Overall the basic edit we created helped us move forward easily into the more technically challenging aspects of the edit. If we had not split up the edit into two weeks I feel we would have jumbled ourselves as we might have gone onto more technical tasks without knowing exactly how our video would flow and this would have wasted even more time.

Construction Post 23: Our Post-production Kit

Our post-production kit is a Desktop computer with Windows 7, and using 'Adobe Premiere'. These editing PCs were very fast meaning we could quickly render and load our sequence. The software allows for accurate and precise audio and video editing. Adobe Premiere was crucial in creating our sequence, as it allowed us to easily edit without much the need much experience, our method of multi-track editing in premiere also made it easy for us to effectively edit.

Me editing on Premiere Pro
 As you can see in the first screen we used multi track editing setup making it easy to edit individual shots and add effects such as sound bridges.

We also used Livetype on an Apple Macbook Pro to create our titles and the effects that go along with them.

Me making titles on Livetype on the Macbook Pro
The portability of the Macbook Pro meant it was easy to edit the titles whilst still being at the edit suite and working out the placement of the titles.

Construction Post 22: Reflections on our Main Shoot Session

We decided to make a shootboard to plan out the day into when and how we would take every shot. We from the test shoot we learned a lot of things, one of these being stagger out the cast call times to be much more efficient with timing and to reduce the amount of time our cast were waiting and not doing anything.

The day went very well and doing our shots in the morning before any of the other cast members got there meant that we had time to correct mistakes and try a variety of shot types that meant we could try and avoid the need for a backup shoot.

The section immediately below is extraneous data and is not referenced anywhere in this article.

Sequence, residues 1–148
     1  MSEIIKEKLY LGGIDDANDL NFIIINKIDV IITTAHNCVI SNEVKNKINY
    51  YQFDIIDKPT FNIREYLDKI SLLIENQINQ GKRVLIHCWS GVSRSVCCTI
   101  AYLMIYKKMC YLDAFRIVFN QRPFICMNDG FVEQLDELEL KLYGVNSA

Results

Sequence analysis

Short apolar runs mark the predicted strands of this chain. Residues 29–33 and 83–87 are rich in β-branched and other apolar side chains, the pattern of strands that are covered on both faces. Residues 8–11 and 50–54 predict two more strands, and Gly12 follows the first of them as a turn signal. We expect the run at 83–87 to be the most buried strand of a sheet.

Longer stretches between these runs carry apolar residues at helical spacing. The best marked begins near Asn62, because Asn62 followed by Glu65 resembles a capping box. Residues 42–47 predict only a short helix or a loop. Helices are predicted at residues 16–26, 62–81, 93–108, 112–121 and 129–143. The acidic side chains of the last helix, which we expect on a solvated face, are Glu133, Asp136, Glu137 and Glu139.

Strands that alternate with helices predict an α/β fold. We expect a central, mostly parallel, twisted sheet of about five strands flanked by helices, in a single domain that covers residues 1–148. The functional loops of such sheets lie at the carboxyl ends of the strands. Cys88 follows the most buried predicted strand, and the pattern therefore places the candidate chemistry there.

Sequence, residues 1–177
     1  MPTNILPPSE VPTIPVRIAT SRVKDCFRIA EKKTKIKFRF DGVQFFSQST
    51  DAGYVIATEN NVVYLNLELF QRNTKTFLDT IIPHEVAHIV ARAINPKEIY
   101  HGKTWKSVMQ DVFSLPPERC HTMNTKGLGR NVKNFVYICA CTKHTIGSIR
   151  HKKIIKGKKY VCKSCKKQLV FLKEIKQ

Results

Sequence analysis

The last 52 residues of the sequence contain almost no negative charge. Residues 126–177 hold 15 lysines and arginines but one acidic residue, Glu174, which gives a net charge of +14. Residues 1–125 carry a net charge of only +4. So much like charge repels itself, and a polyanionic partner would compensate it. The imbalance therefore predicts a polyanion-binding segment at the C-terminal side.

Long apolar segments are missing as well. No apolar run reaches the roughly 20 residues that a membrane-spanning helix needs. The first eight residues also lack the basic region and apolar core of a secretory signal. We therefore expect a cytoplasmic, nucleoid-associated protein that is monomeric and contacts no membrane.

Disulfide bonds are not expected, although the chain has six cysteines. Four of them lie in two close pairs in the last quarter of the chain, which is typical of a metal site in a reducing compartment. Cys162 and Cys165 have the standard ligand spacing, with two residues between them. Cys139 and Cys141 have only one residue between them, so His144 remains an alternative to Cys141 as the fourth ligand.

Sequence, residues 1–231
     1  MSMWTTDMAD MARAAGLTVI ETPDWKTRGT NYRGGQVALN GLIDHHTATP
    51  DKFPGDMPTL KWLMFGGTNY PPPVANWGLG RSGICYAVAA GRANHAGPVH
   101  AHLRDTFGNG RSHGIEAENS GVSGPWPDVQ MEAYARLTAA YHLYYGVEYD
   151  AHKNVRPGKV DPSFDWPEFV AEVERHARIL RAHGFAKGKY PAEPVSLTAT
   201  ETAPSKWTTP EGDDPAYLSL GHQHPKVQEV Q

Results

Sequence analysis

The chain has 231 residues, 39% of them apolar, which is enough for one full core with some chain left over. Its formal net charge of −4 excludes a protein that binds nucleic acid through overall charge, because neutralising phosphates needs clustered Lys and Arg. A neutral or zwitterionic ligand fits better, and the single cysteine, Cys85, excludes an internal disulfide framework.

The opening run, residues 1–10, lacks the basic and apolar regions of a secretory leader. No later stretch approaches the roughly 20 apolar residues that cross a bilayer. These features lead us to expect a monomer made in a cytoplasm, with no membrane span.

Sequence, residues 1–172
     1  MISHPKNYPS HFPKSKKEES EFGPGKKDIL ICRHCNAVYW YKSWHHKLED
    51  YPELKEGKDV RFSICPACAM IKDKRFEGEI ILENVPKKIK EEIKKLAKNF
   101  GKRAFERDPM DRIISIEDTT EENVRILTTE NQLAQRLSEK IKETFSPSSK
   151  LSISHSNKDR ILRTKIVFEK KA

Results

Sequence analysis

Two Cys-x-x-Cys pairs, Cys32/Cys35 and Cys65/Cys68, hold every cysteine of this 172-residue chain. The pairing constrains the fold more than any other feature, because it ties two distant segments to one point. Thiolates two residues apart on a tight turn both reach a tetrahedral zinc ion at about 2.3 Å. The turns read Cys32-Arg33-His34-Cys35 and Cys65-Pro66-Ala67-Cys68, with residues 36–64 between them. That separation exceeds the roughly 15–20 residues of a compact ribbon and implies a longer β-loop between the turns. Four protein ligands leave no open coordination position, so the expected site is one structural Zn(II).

From what we learned from our test shoot we realised there were things to change and add in order to make the best video possible, such as:
  • We swapped around the actors who played Cherish and Lucy, as we thought that they would be better suited acting a different role. The actors worked a lot better in their new roles in the main shoot because we also gave the script before the shoot so they could become familiar with their new lines.
  • We also added some new shots for Cherish to increase her screen time. The new dialogue worked really well and did not majorly interfere with our shoot time, meaning none of our actors were staying longer than what was necessary.
  • We also made sure to make a note of changes in lighting and try to avoid it as this would look more natural as we wouldn't have to excessively grade shots to match.

We all had a variety of jobs such as directing, filming and acting. We thought it was good to switch roles as it meant that no one got bored and that people could add some of their creative flair to the shots.

We were all very happy with how the shoot went and what we had achieved, which is shown through the fact that we didn’t need a backup shoot.

Construction Post 21: Our Production Kit

To keep organised and efficient we created a kit list, this was very useful. This kit list allowed us to the various pieces of kit that we would need in order to film our opening sequence. The kit list was very useful because our group needed quite a lot of extra equipment in order to pull off our shots. The equipment we used was:

Production Kit list

We also had to sign an equipment release so that the media department had an easy way to see which pieces of kit needed to be allocated to a specific group and to ensure everyone was up to speed with the process.

We also had to fill in the Home Shoot Organisation Form to ensure that we were organised when filming outside of school, we could easily see when we were shooting and at what time, this allowed us to avoid any confusion that could have arose with poor scheduling and time management.

Overall, the stages of preparation that we took were very useful as it ensured that there was no confusion within our group.